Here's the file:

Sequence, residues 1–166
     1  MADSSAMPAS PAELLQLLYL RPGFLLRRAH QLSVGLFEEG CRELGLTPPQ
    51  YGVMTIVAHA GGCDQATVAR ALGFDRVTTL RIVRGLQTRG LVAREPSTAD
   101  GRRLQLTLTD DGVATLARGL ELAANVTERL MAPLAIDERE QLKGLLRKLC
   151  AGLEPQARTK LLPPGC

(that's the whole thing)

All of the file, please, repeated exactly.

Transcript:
Sequence, residues 1–166
     1  MADSSAMPAS PAELLQLLYL RPGFLLRRAH QLSVGLFEEG CRELGLTPPQ
    51  YGVMTIVAHA GGCDQATVAR ALGFDRVTTL RIVRGLQTRG LVAREPSTAD
   101  GRRLQLTLTD DGVATLARGL ELAANVTERL MAPLAIDERE QLKGLLRKLC
   151  AGLEPQARTK LLPPGC